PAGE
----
The Sony Xperia 10 was released in February 2019 to little fanfare. Initial excitement for the device’s design was mostly quashed by the confirmation of more of its details — mainly the small 2870 mAh battery, two-year old Snapdragon 630 chipset, and $350 USD MSRP. The phone received almost no coverage by the major YouTube review players (Sony is notoriously poor at community management and marketing), and written reviews were sparse and fairly critical: A 6.0 from DigitalTrends, 3.5/5 from both TechRadar and TrustedReviews, and a withering 2.5/5 from PCMag. However, the Xperia 10 is far and away my favourite smartphone of 2019. Allow me to explain.
Let’s get the negatives out of the way, first. The Xperia 10 has mostly worse specs than its competition at both its initial ($350) and current ($300) price points. Reviews frequently compare the Xperia 10 to the Moto G7, which admittedly costs over $100 less despite packing a newer Snapdragon 632 chipset, facial recognition, and a slightly larger battery — and then there are the Xiaomi Poccophone and Mi 9.
Pricing aside, the performance isn’t always flawless (especially on the 3GB version, so make sure you get the 4GB one if you decide to buy), the camera isn’t going to win any awards in speed or quality, the battery won’t last you more than a day, and the button placement is a bit frustrating.
In fact, in terms of daily use, the buttons are probably my biggest gripe with the phone. The side-mounted fingerprint sensor (my favourite location for one) does not double as the power button like it did on the Xperia Z5. The power button is instead located just above the fingerprint sensor, leading me to constantly keep pressing the sensor trying to turn on/off the screen until I remember that the buttons are separate. Below that is the volume rocker, which is decidedly too low on the device, causing me to have to shimmy my hands downward in search of its location every time. Finally, the dedicated camera button, which has long been a highlight of the Sony phones, has been given a miss.
However, there is something very important about the phone that I think many professional reviewers (and thus, consumers) have missed out on: the daily experience of actually using it. To be precise, it actually fits in your f%&@ing hand and into your pocket(!). It isn’t made out of slippery glass that works its way out of your hand and chips and cracks when it does so, either. It has a microSD card clot. It has a 3.5mm audio jack. And again, it actually fits in your hand and is comfortable to hold and use. I cannot understate how pleasant it is to have a phone that does not make itself an ungainly bulk in my pocket, that does not demand two hands to use, that doesn’t require constant shuffling and stretching of my fingers to perform every single action.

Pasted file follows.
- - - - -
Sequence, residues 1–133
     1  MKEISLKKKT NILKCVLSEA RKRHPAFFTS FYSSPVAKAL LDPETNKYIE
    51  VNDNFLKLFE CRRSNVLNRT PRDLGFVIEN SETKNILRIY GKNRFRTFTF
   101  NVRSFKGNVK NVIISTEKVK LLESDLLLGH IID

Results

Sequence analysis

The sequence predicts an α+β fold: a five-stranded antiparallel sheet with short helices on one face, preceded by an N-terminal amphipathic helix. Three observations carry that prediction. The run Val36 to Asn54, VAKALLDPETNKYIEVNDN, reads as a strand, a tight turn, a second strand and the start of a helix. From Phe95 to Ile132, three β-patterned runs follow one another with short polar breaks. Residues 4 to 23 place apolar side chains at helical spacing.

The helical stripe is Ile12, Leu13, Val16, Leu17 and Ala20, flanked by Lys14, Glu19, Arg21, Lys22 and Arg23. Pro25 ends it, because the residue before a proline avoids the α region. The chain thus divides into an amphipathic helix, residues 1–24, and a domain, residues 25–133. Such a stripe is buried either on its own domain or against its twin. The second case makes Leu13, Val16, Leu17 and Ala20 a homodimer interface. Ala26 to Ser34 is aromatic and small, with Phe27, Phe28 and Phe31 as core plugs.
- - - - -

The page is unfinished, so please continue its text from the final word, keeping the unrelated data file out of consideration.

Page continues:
While some have criticized the plastic build of the phone, I have to say the poly-carbonate chassis feels outstanding in the hand. It’s got a slightly rough texture to it, and alongside the compact width of the phone (2.68 inches), it feels absolutely sublime to hold on to despite the 6-inch 1080p x 2520 IPS display. Unlike the ungainly wide-bodied phones most other manufacturers are putting out, the 21:9 aspect ratio means that despite having a 6-inch display, the phone remains comfortable to use and easy to handle. No, it isn’t amazing for playing games or watching movies, but it’s absolutely fantastic for multitasking, allowing a good-sized YouTube video at the top and a full chat window plus keyboard at the bottom.
Do you ‘member when phones were phones? When they weren’t larger and larger computers demanding every waking second of your attention? When companies like Google, Facebook et al. were not solely intent on holding your dopamine receptors hostage in order to keep you as distracted from the real world and on your phone as much as possible? It may or may not have been intentional, but Sony has shown that they (kinda) ‘member.
To be clear, I am not recommending the Xperia 10 to everyone. If you use your phone for hours a day to play games, watch complete movies, as a semi-professional DSLR-replacement, or as your main computing device, the Xperia 10 will fall short for you. If this describes you, more power to you; I don’t mean this article as a slight against power users who need their smartphones to be as close to a fully-fledged notebook as possible. It’s just my take on a unique product being put out in a more and more cynical and consumer-hostile market than I’ve seen in decades.
Sony may have missed the mark on making a phone quite as as compact and eminently usable as their old Z1, Z3, and Z5 Compact series, but the Xperia 10 is a compelling argument for people who don’t want to be distracted and disrupted by a giant metal and glass time-vampire too unwieldy to even be put away. Sony didn’t communicate it in their press, but I think the Xperia 10 was made people for want their phones to be phones. It isn’t the cheapest, fastest, or feature-packed phone in its class, but I don’t think it’s trying to be.
If you are as tired of giant, $1000 USD phones lacking basic features like 3.5mm audio jacks or expansion card slots as I am, consider going out on a limb and giving the Xperia 10 a shot.